we walked from Finney Chapel to nearby Wilder Hall. Up on the
third floor, Folk Fest was on the air live from WOBC's Studio A.
was the station's Sports Director,
and at 11:00 that night I would be hosting a preview of the following
afternoon's football game against undefeated Ohio Wesleyan. It
always tried to speak conversationally on the air, so I had included
some fragmentary sentences in my script. Jan scanned it and
questioned the informality of beginning one paragraph with the word
Yep. However, I changed nothing.
11:30, following my Oberlin Digest, we
stayed around to watch the live broadcast of Backgammon 101, a
comedy sketch show that nowadays might be described as a radio
version of Saturday Night Live on a much smaller scale.
12:30, Studio A emptied out. Jan and I went over to the WOBC piano
and sang songs from the Oberlin
College Song Book. At her suggestion, our session concluded
with the traditional Good Night, Ladies. The
Backgammon kazoo happened to be lying there, so I added my two
next day found me in the press box at the football stadium. It
looked much like this photo taken 35 years later, except the weather
wasn't as pleasant.
was sitting beside my broadcast partner Jeff Hanna. But
because WOBC broadcast only away events, not home, we weren't there
to call the game on the radio. Instead, Jeff was the public
address announcer, and I served as his spotter.
Gellman would write about the event for the following Tuesday's
edition of the twice-weekly campus newspaper, the Oberlin Review.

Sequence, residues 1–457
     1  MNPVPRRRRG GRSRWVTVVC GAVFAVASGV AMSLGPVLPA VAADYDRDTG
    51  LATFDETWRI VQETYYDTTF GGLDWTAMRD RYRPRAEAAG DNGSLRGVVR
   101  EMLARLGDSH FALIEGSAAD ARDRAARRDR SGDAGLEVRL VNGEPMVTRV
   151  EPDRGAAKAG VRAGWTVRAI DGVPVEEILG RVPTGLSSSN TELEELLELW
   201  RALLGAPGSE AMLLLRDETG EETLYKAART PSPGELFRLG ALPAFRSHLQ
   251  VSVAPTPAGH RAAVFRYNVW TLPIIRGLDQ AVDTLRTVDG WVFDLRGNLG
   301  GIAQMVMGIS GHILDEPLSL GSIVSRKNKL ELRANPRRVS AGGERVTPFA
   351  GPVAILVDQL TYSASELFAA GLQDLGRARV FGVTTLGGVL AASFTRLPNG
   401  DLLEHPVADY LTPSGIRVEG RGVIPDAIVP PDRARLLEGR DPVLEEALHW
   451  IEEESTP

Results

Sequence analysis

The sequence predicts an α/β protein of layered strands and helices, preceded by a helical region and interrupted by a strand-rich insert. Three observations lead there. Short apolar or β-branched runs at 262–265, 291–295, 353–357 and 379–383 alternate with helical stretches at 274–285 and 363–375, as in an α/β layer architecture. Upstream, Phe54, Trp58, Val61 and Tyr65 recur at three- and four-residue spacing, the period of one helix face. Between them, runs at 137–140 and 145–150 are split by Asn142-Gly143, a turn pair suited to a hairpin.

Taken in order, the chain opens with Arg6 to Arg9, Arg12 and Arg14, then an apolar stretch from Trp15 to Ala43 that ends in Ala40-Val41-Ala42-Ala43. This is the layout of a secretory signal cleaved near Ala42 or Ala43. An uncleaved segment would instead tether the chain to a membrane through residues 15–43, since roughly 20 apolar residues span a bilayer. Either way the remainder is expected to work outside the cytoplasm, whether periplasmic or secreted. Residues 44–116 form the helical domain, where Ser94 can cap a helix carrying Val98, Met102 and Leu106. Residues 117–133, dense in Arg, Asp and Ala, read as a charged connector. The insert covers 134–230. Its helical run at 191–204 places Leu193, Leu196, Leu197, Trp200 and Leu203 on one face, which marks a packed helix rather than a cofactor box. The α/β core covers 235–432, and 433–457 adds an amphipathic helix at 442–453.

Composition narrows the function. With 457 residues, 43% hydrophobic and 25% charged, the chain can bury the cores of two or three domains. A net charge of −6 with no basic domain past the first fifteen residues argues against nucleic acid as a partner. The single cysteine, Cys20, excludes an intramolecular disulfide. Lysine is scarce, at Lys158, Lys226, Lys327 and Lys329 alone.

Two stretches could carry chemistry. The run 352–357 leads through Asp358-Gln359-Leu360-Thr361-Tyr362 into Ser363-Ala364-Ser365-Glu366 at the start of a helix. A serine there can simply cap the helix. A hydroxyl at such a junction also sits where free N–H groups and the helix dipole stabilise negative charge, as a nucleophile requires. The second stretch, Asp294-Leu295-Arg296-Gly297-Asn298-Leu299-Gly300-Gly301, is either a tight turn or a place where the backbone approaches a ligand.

freezing day and far superior opposition combined to make last
Saturday one of the most miserable Homecoming days ever for the
Yeoman gridders as they were devastated by Ohio Wesleyan 55-0.
Battling Bishops methodically picked apart the Obie defense all
afternoon, scoring five touchdowns in the first half.
Primarily a running team, OWU gained 440 yards passing.
the game, Jeff and Larry and I walked back to the radio studio to
present a sports talk show we called Yeoman Scoreboard.
programs the following week included Continental Theatre,
which featured a recording in French of Jean Cocteau's The
wasn't listening, (A)
because I don't know French and (B)
because my Physics 33 professor, David Montgomery, had invited
several majors to join him that evening for supper in his
Saturday, November 11, would be the final football game of the
season. Our radio crew signed out an Oberlin College station
wagon and drove the 45 miles southeast to the College of Wooster,
where the Fighting Scots were hosting our Yeomen.